burning it on; but according to our rule, I must cook for our mess once in three days. My feet were bare, and the rice or mush would boil over on them, and as I jumped back I was sure to land in some other fellow's fire.
Frank was one of the best friends a man ever had and would often take my place, but McHugh
was bound that I should learn the business.
October 1 the yellow fever broke out. Our guards were the first taken down, the captain and some of his men dying; then it struck the officers in the prison, and it was not thought safe to remain longer in Charleston
, so October 5 we were ordered to pack up and informed that we were to be removed to Columbia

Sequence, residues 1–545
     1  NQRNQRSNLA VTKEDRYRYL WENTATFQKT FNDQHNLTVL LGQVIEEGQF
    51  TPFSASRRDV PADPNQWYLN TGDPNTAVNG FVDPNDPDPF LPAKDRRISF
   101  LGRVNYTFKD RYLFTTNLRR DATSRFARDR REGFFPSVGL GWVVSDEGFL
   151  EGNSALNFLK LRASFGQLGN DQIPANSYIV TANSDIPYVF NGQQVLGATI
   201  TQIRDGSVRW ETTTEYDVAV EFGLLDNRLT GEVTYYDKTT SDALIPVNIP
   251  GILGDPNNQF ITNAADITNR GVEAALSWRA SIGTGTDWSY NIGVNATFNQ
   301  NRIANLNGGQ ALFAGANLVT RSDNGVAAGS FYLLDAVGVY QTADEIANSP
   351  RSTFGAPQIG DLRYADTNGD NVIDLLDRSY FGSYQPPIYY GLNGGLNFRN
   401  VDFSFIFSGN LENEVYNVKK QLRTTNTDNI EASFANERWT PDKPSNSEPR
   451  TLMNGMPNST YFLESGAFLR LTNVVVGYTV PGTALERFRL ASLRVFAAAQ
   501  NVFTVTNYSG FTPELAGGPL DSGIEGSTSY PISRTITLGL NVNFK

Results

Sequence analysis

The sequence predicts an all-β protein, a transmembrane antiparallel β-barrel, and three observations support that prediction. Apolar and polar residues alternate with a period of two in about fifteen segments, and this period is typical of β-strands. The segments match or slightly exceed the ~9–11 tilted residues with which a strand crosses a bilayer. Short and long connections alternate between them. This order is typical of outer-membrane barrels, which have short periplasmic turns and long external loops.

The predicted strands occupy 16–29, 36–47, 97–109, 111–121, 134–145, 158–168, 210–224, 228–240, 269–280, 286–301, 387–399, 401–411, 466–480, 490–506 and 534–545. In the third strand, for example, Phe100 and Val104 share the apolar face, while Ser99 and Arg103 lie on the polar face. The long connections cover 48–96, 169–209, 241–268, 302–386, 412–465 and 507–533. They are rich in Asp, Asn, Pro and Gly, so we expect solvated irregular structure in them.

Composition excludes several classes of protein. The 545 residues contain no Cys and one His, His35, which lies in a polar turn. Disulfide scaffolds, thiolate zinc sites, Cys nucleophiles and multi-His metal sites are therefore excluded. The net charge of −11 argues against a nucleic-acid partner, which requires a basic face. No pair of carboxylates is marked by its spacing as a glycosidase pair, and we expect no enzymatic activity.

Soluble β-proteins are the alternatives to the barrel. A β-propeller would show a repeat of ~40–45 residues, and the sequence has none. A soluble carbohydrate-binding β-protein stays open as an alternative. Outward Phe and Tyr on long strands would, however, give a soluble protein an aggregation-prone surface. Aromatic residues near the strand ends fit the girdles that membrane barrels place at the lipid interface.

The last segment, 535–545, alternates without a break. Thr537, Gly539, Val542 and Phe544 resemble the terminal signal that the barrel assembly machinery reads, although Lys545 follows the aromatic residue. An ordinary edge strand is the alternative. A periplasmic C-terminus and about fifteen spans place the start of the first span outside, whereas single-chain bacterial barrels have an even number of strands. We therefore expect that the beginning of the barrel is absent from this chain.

Our squad did not go until the 6th, but they started us so early that we had no time to cook our rice.
As we left the prison I bought an apple dumpling of an old colored woman, and am ashamed to say that in my haste I forgot to return the spoon she loaned me to eat it with.
If she will send me her address I will send her a dozen as good as the one she lost.
We were sorry to leave Charleston
While it was called the “hot-bed of secession,” we had received the best treatment there of any place in the south.
Our guards were kind, and we were seldom taunted by the citizens.
We marched through the city, taking our baggage, and, as no two were dressed alike, were a queer-looking procession.
There were many Germans in the city, and as we had several officers in our party from that land, they were anxious to do them favors.
One had a bottle of whiskey and gave it to one of his countrymen when the guard was not looking.
Our comrade had on a rebel jacket, and as he indulged quite freely in the whiskey soon got returns and was fairly full,